Zinc While an extreme zinc deficiency is uncommon in the United States, athletes are at risk due to poor consumption of foods rich in this mineral. Zinc plays a role in more than enzymatic reactions in the body and is critical for wound healing, tissue growth and maintenance, and immune function. Various studies have shown that zinc status directly affects basal metabolic rate, thyroid hormone levels, and protein utilization; thus, zinc is critical to athletes.
Dietary protein enhances zinc absorption, and athletes who are most at risk of a deficiency may be vegetarians or those who primarily eat a grain-based diet. With the myriad critical functions to which zinc is linked, consumption of adequate levels of zinc should be stressed.
Critical Macronutrients With an increase in energy expenditure comes a subsequent need for an increase in the intake of carbohydrate, protein, and fat. Current research and trends point to deficiencies in overall total energy and carbohydrate intake. Also of concern is deficient fluid intake and consequent altered hydration status of young athletes.
The functions, risks of deficiency, and recommendations for each vital macronutrient follows. Carbohydrate In athletes, poor carbohydrate intake results in inadequate glycogen stores and premature fatigue, which not only compromises performance but also forces the body to rely on another source for fuel: Glucose from carbohydrate sources is essential to most body functions during exercise. If glucose is not available for use as fuel during physical activity, the body will take from its protein stores for energy via gluconeogenesis.
The young athlete has the capacity to store carbohydrate in the form of glycogen, but this capacity is limited, so carbohydrate must be consumed daily. Carbohydrate needs are based on body weight and intensity of activity. While adult endurance and strength athletes may need more protein per pound of body weight, additional protein needs for young athletes have not been specifically evaluated.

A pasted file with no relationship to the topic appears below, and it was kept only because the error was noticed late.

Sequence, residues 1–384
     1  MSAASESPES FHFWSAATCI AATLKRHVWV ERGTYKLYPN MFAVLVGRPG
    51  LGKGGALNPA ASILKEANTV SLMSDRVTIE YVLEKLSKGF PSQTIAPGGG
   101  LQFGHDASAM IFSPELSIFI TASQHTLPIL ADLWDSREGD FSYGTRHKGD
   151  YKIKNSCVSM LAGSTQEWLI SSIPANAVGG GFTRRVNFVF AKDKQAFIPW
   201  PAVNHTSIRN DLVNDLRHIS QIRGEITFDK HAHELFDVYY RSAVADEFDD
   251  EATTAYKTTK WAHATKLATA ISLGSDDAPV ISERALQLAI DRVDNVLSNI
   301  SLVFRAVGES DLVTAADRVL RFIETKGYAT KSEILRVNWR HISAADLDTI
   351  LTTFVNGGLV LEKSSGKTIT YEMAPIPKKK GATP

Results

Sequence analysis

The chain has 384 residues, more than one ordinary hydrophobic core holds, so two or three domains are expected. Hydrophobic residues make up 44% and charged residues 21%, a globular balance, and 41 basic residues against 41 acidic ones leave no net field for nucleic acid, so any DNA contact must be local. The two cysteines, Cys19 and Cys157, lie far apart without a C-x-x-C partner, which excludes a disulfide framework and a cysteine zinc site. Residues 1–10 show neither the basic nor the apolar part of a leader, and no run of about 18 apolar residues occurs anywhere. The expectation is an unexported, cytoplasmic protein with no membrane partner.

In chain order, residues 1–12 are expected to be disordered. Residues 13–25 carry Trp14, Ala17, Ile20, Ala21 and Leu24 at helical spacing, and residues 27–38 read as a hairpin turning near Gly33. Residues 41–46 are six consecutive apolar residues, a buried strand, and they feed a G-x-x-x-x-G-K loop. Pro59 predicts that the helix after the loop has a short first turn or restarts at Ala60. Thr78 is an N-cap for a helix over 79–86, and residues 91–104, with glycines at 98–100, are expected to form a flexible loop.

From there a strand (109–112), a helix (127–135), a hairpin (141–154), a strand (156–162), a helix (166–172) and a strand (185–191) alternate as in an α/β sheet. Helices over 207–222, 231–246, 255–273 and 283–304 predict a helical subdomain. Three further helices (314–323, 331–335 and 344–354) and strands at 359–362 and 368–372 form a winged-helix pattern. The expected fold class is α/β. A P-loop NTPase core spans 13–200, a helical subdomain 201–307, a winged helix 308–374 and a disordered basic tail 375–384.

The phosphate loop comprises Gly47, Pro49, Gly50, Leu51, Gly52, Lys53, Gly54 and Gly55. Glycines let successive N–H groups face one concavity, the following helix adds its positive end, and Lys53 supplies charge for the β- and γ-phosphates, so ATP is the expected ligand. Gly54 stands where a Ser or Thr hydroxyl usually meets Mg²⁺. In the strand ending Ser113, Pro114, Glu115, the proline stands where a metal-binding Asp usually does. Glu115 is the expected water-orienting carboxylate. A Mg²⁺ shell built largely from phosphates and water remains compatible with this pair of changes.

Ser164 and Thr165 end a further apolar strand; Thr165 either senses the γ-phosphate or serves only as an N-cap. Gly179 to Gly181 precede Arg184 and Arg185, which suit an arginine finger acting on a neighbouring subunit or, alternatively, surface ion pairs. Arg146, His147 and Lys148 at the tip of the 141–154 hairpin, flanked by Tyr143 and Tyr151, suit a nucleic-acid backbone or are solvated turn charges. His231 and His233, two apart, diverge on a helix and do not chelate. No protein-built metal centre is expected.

However, the ADA has set the following recommendations:. A minimum of 1. This is critical to monitor as research shows that the population of young athletes is already at risk for calcium deficiency.
Fat While carbohydrate is often spotlighted as the preferred fuel for sports, there are some bodies of research suggesting that lipid or fat may be the preferred fuel for children. This may be due to the higher rate of fat oxidation in children.
Below are some easy-to-follow guidelines for consumption of fats:. The focus should be on an intake of healthy fat from plant oils and soft margarines made with vegetable oils and on limiting the amounts of fried and processed foods. Fluid Maintaining fluid balance is critical for the young athlete. As rates of youth participation in endurance events climb, legitimate concerns about fluid status have arisen.
Aside from the risk of heat-related illness, dehydration is strongly associated with fatigue during exercise. This risk is increased in certain environmental conditions such as high heat and humidity. Compared with adults, young athletes may be at a higher risk for altered fluid status for several reasons: Children experience greater heat stress and heat accumulation, and they have a greater ratio of surface area to body mass and absorb heat more readily.
Specific recommendations for fluid consumption are as follows:. This can be done by weighing the athlete before and after an event and replacing fluids lost 16 to 24 ounces for every pound lost. Overcoming Nutritional Obstacles While young athletes rely on their parents and health professionals for advice, they are extremely susceptible to peer and media influence and the plethora of misinformation that exists in the sports nutrition world.
She suggests that athletes and their parents plan ahead and pack lunches and fueling snacks. Good choices include whole grain granola bars and sandwiches, fresh fruit and vegetables, water, and Gatorade. White suggests that RDs become familiar with the food items offered in school cafeterias and vending machines so athletes will have a better idea of what to select.